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Residency training in Ghana: the residents’ perspective

Merley A Newman-Nartey
Nii Otu Nartey
Kwabena G Amoah
Victoria A Buckman
Thomas A Ndanu
Alexander A Oti Achempong


Background: Prior to 1973, West African citizens completed postgraduate medical and surgical training abroad, particularly in the United Kingdom. In 2003, the Ghana College of Physicians and Surgeons were established respectively and began to offer specialized training locally. The aim of this study was to obtain and evaluate the views of Medical and Surgical Residents of the GCPS on their training in Ghana.

Method: A descriptive cross-sectional study was undertaken whereby a 25 item, self-administered questionnaire, was distributed to 170 residents of Korle Bu and Komfo Anokye Teaching Hospitals in Ghana. Information regarding the residents’ sociodemographic characteristics, level of residency, and satisfaction with the programs in terms of clinical supervision, didactic teaching, program duration and research training was collected.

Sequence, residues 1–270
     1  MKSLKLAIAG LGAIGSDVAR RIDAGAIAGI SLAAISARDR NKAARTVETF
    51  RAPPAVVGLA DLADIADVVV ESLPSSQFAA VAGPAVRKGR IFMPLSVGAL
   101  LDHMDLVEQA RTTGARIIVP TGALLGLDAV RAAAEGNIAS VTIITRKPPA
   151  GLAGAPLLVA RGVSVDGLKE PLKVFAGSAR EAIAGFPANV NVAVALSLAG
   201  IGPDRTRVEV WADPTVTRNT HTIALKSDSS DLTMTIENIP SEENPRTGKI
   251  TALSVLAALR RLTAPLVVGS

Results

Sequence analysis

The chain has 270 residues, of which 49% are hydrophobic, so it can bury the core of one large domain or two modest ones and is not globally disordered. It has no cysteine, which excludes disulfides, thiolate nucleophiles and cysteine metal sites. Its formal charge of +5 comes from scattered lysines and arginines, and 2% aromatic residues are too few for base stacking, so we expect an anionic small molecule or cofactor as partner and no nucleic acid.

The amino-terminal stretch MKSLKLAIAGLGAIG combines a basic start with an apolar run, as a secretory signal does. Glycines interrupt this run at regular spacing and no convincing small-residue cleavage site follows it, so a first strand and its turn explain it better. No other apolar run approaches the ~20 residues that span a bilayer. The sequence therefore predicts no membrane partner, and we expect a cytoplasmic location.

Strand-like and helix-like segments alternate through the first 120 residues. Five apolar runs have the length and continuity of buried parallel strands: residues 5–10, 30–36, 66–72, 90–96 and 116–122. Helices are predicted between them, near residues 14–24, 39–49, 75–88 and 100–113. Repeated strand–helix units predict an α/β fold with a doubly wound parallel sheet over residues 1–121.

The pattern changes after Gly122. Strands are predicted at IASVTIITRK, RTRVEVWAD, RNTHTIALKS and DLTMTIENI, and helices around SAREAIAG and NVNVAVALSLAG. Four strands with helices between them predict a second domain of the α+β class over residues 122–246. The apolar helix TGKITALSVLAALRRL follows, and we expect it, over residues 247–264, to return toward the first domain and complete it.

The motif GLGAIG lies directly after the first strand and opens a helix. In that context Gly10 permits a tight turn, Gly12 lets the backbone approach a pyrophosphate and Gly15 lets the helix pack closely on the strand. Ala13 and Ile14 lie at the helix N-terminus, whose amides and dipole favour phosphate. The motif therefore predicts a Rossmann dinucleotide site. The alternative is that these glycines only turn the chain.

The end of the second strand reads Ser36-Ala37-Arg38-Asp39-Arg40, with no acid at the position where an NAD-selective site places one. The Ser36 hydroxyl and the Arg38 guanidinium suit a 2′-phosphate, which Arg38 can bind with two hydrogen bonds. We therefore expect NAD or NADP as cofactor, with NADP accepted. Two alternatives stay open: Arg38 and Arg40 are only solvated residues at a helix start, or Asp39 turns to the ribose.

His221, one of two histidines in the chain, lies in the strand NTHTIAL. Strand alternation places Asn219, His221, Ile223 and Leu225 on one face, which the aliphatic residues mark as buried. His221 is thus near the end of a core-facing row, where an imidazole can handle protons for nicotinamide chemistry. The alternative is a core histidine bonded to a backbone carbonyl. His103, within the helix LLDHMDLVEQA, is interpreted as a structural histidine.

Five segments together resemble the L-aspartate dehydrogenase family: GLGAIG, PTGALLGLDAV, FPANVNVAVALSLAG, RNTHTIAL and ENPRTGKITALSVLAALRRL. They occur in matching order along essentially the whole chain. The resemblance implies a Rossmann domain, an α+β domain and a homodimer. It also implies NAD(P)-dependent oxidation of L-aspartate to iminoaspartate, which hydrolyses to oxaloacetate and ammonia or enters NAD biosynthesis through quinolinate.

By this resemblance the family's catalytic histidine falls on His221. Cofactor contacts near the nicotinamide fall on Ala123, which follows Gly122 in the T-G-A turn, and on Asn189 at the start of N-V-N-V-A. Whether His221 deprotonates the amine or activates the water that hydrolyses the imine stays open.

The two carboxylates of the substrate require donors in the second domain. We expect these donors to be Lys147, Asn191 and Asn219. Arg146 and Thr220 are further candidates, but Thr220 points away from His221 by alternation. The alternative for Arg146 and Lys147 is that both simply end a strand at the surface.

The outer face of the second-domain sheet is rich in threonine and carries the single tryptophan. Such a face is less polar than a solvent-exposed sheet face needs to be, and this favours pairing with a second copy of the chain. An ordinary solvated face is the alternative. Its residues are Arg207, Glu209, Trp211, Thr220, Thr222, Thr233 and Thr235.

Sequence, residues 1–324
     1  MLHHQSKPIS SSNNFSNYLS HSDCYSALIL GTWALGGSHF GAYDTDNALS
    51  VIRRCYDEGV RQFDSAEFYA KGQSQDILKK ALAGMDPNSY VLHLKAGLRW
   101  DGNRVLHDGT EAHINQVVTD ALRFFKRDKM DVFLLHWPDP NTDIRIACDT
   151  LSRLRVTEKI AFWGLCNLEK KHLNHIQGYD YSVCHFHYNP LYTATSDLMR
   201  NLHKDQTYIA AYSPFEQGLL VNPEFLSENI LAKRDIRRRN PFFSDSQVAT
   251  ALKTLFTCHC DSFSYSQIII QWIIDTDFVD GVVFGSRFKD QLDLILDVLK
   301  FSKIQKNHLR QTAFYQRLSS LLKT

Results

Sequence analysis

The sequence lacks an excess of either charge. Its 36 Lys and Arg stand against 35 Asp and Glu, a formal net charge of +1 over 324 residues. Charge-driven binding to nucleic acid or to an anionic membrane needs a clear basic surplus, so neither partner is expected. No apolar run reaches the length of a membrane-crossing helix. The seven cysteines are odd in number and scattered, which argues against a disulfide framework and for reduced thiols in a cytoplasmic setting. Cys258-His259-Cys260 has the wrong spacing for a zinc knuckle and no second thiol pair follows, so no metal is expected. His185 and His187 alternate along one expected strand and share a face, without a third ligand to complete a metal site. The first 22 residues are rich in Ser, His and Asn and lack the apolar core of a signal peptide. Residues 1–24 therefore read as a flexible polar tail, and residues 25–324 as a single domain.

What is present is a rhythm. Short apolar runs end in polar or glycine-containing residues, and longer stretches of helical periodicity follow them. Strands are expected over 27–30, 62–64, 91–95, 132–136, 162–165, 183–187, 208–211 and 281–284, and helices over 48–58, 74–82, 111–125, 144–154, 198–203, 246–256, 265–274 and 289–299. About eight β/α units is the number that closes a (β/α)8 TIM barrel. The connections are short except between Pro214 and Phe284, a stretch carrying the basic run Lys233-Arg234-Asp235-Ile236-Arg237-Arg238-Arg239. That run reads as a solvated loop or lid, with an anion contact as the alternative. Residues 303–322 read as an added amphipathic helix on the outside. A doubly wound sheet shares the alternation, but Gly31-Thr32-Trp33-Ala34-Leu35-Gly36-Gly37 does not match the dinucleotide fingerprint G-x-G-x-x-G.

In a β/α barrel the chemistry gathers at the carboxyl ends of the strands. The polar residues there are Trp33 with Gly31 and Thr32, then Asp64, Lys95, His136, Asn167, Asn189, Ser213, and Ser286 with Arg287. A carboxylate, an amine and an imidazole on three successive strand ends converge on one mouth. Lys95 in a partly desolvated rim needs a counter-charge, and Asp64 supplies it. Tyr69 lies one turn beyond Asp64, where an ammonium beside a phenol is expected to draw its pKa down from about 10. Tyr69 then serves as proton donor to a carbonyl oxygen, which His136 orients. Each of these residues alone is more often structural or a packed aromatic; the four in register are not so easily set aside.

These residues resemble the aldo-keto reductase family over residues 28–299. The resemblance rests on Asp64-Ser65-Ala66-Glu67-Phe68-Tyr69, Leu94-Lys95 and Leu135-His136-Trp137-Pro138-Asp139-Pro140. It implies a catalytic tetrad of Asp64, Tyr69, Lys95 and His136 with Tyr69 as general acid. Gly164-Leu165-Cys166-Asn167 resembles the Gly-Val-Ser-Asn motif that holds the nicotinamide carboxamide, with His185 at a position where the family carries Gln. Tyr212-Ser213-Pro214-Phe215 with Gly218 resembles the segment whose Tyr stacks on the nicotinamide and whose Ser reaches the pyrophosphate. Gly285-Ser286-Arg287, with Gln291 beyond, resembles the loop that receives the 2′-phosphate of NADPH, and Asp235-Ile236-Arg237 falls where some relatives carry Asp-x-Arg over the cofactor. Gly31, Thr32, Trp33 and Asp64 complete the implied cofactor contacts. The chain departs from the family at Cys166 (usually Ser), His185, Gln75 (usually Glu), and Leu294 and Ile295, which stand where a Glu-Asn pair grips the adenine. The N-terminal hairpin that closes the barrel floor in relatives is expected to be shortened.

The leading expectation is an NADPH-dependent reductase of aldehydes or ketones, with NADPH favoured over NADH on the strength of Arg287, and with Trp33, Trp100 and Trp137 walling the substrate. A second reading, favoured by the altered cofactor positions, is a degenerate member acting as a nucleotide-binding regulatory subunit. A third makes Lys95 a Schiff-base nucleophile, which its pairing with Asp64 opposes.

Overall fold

Results: 117 residents completed the survey, yielding a response rate of 68.8%. 59.8% were males and 40.2% females. The age of the residents ranged from 25 to 40 years with a mean age of 32.7+1.4 years. Majority of residents (92.3%) were satisfied with the duration of the programs . Slightly more than half of the residents (50.4%) were satisfied with the clinical supervision, however only a third of the respondents (33.3%) were satisfied with the didactic teaching and an even smaller percentage (17.1%) with research training.

Conclusion: Whilst majority of residents were satisfied with the duration of the residency program, the perspective of the respondents was that trainees would benefit from additional didactic teaching and increased research exposure.

Funding: None

Keywords: Medical, Surgical, Residency, Graduate, Training, Ghana